Eventually the boom/bust amplitude will become overwhelming. An asset bubble will broaden into an Austrian crack-up boom. Or a bust will be so deep and pervasive that it becomes a decade-long Kondratieff winter.

There’s no guarantee that this incipient pick-up in lending will turbocharge the current asset bubble. It could be a false alarm, to be followed by another downturn (there are plenty of data points suggesting that this is the case). But if so, the world’s governments and central banks will just up the ante again. Because fiat currency is essentially play-money, the numbers can be as large as the owners of the printing press care to make them.

So while the fiat currency bubble is clearly entering a new chapter, it’s not yet clear what the chapter is.

  • Dan

    Lets just skip this chapter and go to 0; we are going there anyway. Break these over blown rent seeking pirates up and get rid of free trade that has lowered the standard of living, which created the debt to buy the houses in the first place.

    The empire is broke and they are selling our assets to the lowest bidders who have our money that they made from the free trade deals we made.

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  • Pete

    Hey John Rubino: Banks don’t loan money. Bankers lend credit that they create out of thin air when the duped debt-slave signs the loan documents. All so-called “money” in our system is debt. The banking system in the Western world is simply a legalized counterfeiting, debt-enslavement scam. If you want to help your fellow men escape this futile treadmill of needless labor and suffering, please start using realistic descriptions of Banking in your articles.

  • Bruce C.

    I think that one of the reasons it has been so hard to predict financial and economic events since 2008 is because the fiscal and monetary interventions worldwide have been so inherently contradictory. The effort to increase bank lending is a good case in point. The monetary policy efforts to lower long term interest rates, increase bank lending, and to create inflation are incompatible. Banks lend according to the steepness of the “yield curve” and the demand of credit-worthy borrowers, not because of reserves. Since ’08 the yield curve has been “flat” (which means that long term interest rates have been relatively low compared to short-term rates, so “borrowing short” and lending long” is another version of reward-free risk for banks) and there has been relatively little borrowing demand from credit-worthy borrowers. Two things are beginning to change: Long term interest rates are rising while short-term rates are being held down AND banks are beginning to loosen their lending standards to service less credit-worthy borrowers. (The financial arm of General Motors, in particular, has been lending to sub-prime borrowers since late 2009, which helps explain why GM has “recovered”.) But there is a another way to parse this change, which is to say that inflation expectations are rising too. It’s one thing for a borrower to go laughing all the way to the bank (pun intended) about getting a 30 year mortgage at 3%, but what of the bank on the other side of that deal. (Answer: Fannie Mae and the willingness of the Fed to buy all the mortgage backed securities from the banks.) Normally no entity in its right mind would lend for such a time span at those rates, but now that inflation expectations are rising so are interest rates, and as long as their risks of lending to less credit-worthy borrowers can be off-loaded to US taxpayers then banks are now more willing to lend.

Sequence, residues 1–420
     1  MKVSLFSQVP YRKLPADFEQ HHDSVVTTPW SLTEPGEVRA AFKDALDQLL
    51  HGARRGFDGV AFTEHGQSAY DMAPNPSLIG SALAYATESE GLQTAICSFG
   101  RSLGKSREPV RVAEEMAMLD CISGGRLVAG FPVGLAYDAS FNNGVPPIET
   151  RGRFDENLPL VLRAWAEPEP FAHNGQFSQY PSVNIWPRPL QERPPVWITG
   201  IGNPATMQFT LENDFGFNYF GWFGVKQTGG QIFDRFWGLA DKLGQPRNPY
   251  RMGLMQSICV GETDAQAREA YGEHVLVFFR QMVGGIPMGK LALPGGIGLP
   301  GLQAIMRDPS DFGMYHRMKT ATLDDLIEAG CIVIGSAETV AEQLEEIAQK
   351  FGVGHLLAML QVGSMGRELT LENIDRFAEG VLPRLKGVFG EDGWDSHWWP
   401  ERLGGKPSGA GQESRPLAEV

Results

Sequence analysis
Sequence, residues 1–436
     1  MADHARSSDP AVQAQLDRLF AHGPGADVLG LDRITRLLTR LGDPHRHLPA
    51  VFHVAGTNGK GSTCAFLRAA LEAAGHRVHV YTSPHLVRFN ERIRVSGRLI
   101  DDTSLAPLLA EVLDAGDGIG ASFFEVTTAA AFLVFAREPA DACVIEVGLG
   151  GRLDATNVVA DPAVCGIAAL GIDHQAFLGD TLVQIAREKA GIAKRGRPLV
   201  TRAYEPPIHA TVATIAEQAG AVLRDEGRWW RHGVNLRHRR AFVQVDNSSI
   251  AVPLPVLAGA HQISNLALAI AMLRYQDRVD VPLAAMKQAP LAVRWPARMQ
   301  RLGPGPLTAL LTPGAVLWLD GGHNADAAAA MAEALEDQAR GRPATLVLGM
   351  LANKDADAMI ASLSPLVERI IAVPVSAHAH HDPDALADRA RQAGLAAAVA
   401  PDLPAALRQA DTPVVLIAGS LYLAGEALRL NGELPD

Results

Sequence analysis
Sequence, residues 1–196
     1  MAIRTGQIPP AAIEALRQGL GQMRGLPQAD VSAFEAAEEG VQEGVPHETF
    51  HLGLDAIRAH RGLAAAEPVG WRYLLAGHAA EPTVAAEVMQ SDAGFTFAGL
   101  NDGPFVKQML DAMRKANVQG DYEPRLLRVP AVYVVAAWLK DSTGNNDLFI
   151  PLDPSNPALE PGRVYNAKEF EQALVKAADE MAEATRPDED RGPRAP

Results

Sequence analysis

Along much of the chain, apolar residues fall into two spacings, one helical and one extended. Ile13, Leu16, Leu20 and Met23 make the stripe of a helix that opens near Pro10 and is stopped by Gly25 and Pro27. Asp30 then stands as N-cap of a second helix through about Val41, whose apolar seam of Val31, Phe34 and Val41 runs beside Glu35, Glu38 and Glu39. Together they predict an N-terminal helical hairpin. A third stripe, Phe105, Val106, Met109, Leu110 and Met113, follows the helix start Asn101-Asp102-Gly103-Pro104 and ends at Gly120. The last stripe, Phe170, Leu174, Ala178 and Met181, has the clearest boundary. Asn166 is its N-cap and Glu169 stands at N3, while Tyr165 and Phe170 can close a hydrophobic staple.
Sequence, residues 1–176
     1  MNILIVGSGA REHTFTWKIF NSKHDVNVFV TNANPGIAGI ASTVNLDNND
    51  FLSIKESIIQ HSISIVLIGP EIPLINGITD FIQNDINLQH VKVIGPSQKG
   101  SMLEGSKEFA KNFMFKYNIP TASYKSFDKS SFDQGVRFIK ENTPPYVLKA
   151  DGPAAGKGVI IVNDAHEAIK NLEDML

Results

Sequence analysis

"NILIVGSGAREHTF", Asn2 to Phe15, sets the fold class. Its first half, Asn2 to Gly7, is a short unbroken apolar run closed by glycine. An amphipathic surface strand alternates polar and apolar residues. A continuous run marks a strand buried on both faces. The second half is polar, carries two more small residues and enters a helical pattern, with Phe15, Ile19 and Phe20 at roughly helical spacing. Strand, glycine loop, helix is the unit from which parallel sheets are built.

I suspect this will prove to be a short-term trap, that the same results will follow the same reflationary efforts, that all the stimulations are finally creating a final blow-off euphoria (though incredibly subdued compared to the costs involved) and a much needed bear market and deflationary adjustment period is still inevitable and maybe even imminent.

    If not – if the economy is poised to scale new heights – I’ll eat my proverbial hat. I just can’t see how all the fraud and corruption, political hypocrisy and evasion, irresponsible spending and debt, destruction and waste from war, overall cultural depravity, and massive abuse of the monetary system can possibly escape their repercussions, regardless of the alleged new energy and manufacturing “boon” in the US.